When my husband was diagnosed with MS some 13 years ago, it was a shock, from which in some ways, we are still to recover. The problems that sprang immediately to mind were how his mobility would be affected, could we cope financially and would it affect our animals.
Having owned German Shepherd Dogs for the majority of our married life, we were used to the strenuous exercise and mental stimulation that this particular breed required. Zak (our GSD at that time), was a mere youngster and was already enjoying the prolonged walks and regular training that Doug provided. We were sailing into the unknown and as anyone who suffers from MS will testify, it is a relapsing remitting condition. This makes the symptoms variable and unpredictable, and you are forced to face the uncertainty of when new relapses will occur.
In the years that followed I noticed a big difference in my husband. In some respects his life with Zak became almost regimented. A strong bond between dog and owner had already been forged, but Doug had become to rely on the regularity of their walks and even lengthened their duration! Zak’s devotion was uncompromising and it was almost as though Zak’s presence increased Doug’s determination to remain well and throughout their years together our dog remained a real focus for him to retain his mobility. Despite setbacks, Zak’s walks took priority and remained so until we eventually lost him some 15 months ago to cancer.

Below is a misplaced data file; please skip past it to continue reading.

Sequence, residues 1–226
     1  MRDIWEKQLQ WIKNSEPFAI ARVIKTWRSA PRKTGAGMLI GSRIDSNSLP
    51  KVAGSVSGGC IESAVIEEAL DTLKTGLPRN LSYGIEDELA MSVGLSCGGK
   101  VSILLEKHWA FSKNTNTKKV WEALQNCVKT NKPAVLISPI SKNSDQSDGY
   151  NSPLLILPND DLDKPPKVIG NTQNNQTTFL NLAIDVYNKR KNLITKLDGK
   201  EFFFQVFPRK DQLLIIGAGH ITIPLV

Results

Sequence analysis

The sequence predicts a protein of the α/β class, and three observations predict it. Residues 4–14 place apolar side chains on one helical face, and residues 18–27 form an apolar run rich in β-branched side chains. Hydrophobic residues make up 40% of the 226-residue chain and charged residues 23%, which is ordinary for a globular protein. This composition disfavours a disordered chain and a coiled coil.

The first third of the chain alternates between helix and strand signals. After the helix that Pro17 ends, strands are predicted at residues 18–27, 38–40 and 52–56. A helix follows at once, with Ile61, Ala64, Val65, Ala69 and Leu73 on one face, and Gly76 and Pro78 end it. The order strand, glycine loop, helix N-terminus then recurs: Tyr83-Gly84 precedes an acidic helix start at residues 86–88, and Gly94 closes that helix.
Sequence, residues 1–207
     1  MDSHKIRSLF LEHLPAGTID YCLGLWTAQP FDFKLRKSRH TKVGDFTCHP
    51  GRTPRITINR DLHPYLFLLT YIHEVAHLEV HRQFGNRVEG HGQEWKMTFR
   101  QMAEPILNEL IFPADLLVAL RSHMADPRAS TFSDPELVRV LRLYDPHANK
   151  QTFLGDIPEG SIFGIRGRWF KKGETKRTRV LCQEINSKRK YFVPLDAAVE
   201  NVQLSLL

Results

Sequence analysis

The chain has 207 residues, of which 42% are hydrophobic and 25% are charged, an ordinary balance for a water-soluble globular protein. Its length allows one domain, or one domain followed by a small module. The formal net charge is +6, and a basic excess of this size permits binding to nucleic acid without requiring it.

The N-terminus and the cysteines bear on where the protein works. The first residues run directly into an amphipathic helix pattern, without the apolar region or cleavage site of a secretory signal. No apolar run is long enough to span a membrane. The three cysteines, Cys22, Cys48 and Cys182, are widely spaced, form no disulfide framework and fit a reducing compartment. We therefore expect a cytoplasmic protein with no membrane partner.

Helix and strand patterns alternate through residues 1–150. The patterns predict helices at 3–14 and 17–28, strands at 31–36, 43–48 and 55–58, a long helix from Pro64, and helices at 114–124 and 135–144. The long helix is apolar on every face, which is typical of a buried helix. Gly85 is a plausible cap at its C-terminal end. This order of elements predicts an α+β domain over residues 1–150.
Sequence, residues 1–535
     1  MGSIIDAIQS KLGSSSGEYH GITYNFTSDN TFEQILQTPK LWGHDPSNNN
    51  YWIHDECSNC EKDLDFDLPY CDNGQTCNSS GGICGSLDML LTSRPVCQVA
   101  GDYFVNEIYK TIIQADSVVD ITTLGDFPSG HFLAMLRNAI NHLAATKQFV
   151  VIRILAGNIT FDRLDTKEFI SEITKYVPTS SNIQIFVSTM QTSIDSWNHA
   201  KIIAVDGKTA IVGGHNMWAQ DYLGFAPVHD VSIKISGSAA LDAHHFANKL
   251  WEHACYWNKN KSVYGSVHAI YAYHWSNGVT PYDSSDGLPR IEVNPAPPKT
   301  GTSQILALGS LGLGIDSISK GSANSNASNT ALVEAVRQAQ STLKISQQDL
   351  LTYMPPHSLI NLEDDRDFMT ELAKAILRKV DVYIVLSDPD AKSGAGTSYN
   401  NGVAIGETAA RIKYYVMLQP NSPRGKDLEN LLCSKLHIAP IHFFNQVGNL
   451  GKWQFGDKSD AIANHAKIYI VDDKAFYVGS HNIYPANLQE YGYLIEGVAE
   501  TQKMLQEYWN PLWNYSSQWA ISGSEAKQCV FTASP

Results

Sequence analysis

Our grieving for Zak had pushed us both to our emotional edge, but I will always be mindful of the wonderful gift that our dog had given Doug and the determination to continue as normal a life as MS would allow.
We now have our fourth German Shepherd whom we have named Luika. Ironically he also has health problems, being diagnosed with cow hocks at an early age. This condition actually limits the amount of exercise that he can enjoy, which in some sense is a little comfort. I have now taken over the training, but Doug continues his walking duties, with all the enthusiasm and gusto he shared with Zak. Luika is but a year old, yet already I am beginning to see those early signs of blind devotion.